N.J. Court: Newark May Impose Employee Vaccine Mandate Without Negotiating with Union

The appellate court reversed a Public Employment Relations Commission, which had partly restrained the implementation of the mandate.

|

From today's decision in City of Newark v. Newark Police Superior Officers' Ass'n (written by Judge Robert Gilson and joined by Judges Jose Fuentes and Katie Gummer):

We hold that the City has a non-negotiable managerial prerogative to immediately implement its COVID-19 vaccination mandate…. Consequently, we affirm the portion of the PERC Order that held that the City had a managerial prerogative to implement its COVID-19 vaccination mandate.

We reverse and vacate the restraints PERC placed on the City, including the requirement to negotiate the Negotiable Terms. The restraints imposed on the City under these circumstances impermissibly interferes with the City's managerial prerogative to protect the health and safety of all its employees and the City residents with whom those employees come into contact. If necessary, the City and Unions can negotiate who will pay the cost of testing without interfering with the City's prerogative, but those negotiations can take place after the mandate is implemented….

The City has not cited to any statute or regulation authorizing the City or Mayor to establish a vaccination mandate. Nevertheless, the City has a well- recognized right to hire or direct its workforce. That right, coupled with the clear national and state public policy to combat the health threats posed by COVID-19, supports the City's authority to implement a vaccination mandate….

The Unions maintain that the [New Jersey Employer-Employee Relations] Act requires the City to negotiate the vaccination mandate before it is implemented. They rely on N.J.S.A. 34:13A- 5.3, which states: "Proposed new rules or modifications of existing rules governing working conditions shall be negotiated with the majority representative before they are established." Sections 5.4(a)(1) and (5) of that Act prohibit public employers from:

"(1) [i]nterfering with, restraining or coercing employees in the exercise of the rights guaranteed to them by this act…. (5) [r]efusing to negotiate in good faith with a majority representative of employees in an appropriate unit concerning terms and conditions of employment of employees in that unit, or refusing to process grievances presented by the majority representative." …

The Unions' arguments ignore the well-established law that negotiations of managerial prerogatives are not required if the negotiations significantly interfere with the public employer's ability to set policy…. "To decide whether a negotiated agreement would significantly interfere with the determination of governmental policy, it is necessary to balance the interests of the public employees and the public employer. When the dominant concern is the government's managerial prerogative to determine policy, a subject may not be included in collective negotiations even though it may intimately affect employees' working conditions." …

In the context of a public health emergency, negotiating procedures for the implementation of a COVID-19 vaccination mandate, or the enforcement or timing of the mandate, would interfere with the managerial prerogative…. Delaying, even on a temporary basis, the timelines for implementing the vaccination mandate undercuts the effectiveness of the mandate.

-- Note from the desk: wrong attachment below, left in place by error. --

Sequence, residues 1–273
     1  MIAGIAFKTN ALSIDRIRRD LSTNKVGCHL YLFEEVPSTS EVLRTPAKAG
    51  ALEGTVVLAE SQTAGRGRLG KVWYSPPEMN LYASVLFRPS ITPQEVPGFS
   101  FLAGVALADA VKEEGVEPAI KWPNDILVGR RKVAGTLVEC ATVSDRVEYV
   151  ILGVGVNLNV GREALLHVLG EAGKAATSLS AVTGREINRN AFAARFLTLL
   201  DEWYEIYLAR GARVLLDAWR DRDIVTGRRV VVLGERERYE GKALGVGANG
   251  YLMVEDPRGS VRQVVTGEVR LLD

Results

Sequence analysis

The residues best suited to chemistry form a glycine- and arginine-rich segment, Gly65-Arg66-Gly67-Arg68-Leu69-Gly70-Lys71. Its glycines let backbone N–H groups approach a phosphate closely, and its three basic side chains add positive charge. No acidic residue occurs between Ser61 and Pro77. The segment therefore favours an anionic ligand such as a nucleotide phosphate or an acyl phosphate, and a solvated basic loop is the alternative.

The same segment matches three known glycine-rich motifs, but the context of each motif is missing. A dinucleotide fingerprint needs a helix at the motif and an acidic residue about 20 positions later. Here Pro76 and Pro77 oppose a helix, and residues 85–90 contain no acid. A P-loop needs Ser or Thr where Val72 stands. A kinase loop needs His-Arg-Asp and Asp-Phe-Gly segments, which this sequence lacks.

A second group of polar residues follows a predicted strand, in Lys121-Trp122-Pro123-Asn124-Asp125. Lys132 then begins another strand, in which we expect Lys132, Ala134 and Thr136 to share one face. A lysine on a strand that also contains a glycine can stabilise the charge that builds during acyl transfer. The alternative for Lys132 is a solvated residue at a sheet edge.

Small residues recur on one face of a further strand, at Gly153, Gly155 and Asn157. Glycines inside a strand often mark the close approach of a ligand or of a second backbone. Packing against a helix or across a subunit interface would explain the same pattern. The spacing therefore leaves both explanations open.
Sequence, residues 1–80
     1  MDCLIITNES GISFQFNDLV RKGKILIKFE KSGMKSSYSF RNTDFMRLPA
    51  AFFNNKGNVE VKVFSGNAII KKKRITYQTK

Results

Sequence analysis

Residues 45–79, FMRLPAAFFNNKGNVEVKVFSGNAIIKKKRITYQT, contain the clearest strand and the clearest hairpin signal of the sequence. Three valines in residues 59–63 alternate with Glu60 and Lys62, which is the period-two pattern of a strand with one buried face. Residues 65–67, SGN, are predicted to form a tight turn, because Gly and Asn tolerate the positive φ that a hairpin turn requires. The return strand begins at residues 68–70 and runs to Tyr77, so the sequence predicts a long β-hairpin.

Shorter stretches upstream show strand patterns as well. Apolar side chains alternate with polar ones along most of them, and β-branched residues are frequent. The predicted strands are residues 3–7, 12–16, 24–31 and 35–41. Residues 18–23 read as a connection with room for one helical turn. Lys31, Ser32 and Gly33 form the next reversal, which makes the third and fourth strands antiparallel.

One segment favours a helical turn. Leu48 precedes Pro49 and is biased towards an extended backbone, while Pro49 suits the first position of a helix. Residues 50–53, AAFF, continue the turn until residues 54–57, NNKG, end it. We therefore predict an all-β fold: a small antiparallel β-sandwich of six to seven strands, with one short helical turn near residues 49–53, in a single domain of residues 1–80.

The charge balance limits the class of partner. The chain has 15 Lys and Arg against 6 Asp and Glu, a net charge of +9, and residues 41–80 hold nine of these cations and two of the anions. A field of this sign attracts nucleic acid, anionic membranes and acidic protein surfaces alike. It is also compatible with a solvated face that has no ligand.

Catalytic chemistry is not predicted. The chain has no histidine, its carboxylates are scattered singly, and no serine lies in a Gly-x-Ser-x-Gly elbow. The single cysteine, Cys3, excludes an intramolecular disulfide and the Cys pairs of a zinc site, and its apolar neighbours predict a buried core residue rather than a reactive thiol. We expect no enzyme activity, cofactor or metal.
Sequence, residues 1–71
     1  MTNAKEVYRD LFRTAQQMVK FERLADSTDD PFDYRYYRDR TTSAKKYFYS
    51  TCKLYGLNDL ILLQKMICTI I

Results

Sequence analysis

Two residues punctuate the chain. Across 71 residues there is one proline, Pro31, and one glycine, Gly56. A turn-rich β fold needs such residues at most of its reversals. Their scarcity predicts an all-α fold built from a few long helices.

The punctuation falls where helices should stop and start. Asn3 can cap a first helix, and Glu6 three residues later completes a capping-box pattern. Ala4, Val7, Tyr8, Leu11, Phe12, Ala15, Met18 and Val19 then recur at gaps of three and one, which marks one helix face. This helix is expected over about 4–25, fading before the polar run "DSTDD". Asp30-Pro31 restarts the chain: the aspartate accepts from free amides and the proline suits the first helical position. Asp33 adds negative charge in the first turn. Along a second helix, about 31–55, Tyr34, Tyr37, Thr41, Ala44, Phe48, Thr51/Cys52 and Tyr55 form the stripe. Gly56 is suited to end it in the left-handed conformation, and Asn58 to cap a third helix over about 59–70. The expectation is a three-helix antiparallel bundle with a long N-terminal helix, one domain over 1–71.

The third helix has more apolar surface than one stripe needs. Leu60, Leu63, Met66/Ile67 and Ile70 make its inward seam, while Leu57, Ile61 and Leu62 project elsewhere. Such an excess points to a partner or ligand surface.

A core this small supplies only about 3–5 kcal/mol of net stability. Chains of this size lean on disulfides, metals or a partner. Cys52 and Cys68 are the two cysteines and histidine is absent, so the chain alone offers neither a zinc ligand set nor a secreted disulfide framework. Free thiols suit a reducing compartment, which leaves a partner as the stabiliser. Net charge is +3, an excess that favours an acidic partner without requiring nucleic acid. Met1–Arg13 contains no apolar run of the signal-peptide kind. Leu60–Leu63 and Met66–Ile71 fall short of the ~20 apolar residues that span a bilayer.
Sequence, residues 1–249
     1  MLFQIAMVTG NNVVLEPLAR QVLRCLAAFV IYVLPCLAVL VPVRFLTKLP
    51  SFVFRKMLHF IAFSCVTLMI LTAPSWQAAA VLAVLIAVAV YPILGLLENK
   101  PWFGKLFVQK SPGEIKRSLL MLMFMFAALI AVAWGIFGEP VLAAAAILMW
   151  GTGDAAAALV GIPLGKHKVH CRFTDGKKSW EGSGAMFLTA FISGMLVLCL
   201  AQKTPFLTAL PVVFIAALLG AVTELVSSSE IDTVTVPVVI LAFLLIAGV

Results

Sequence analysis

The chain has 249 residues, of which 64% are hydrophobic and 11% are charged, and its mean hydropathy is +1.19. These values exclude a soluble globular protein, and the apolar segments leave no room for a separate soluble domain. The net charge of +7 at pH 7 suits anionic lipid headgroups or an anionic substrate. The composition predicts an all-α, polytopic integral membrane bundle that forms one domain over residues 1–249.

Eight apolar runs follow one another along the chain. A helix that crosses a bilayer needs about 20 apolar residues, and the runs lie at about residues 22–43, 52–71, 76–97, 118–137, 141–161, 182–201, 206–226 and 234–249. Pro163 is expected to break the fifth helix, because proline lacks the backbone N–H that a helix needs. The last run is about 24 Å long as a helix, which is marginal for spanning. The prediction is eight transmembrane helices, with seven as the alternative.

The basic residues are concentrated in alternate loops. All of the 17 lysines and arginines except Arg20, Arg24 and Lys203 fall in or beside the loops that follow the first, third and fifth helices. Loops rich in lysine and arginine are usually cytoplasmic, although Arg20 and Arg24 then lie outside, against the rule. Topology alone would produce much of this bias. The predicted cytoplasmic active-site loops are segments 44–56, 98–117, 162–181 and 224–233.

The Unions focus on the impact of the mandate to some of their members who have chosen not to be vaccinated. That focus, however, ignores the impact their "choice" has on coworkers and their families who have been vaccinated. Just as importantly, it ignores the impact on people with whom unvaccinated City employees come into contact. City police officers and firefighters go to or into homes, businesses, and public places daily where they encounter City residents. Indeed, all public employees interact with members of the public in a variety of settings and circumstances. Many of those residents are children under the age of twelve who do not have the option of getting vaccinated at the current time. Given the scientifically undisputed risk of spreading this deadly virus, the City has the right to protect the public….

There are many actions that we take as a society to protect the common good. Sometimes the protection of the many requires an individual, especially a public servant, to act for the public good. The Unions have not cited any facts that would support the purported rights of what appears to be a minority of City employees to pose a risk to coworkers and City residents. The people they are committed to serve, in particular, the aged who are among the most vulnerable to COVID-19, and children who currently cannot be protected by a vaccine, are placed at greater risk by unvaccinated City workers….

We also reject the Unions' contention that their members have a "strong interest in privacy" that is somehow being impacted by the mandate. The Executive Order requires proof of vaccination. Such proof can be submitted on a confidential basis, and there has been no showing that privacy issues will be impacted. Here again, the City and Unions can discuss those concerns, but such discussions cannot hold up the vaccination mandate.

The Unions have also cited to bills pending in the Legislature that would prohibit discrimination against individuals who have not received a COVID-19 vaccine. Those bills are not currently law; existing laws and executive orders strongly support the City's COVID-19 vaccination mandate….

Thanks to Keith Kaplan for the pointer.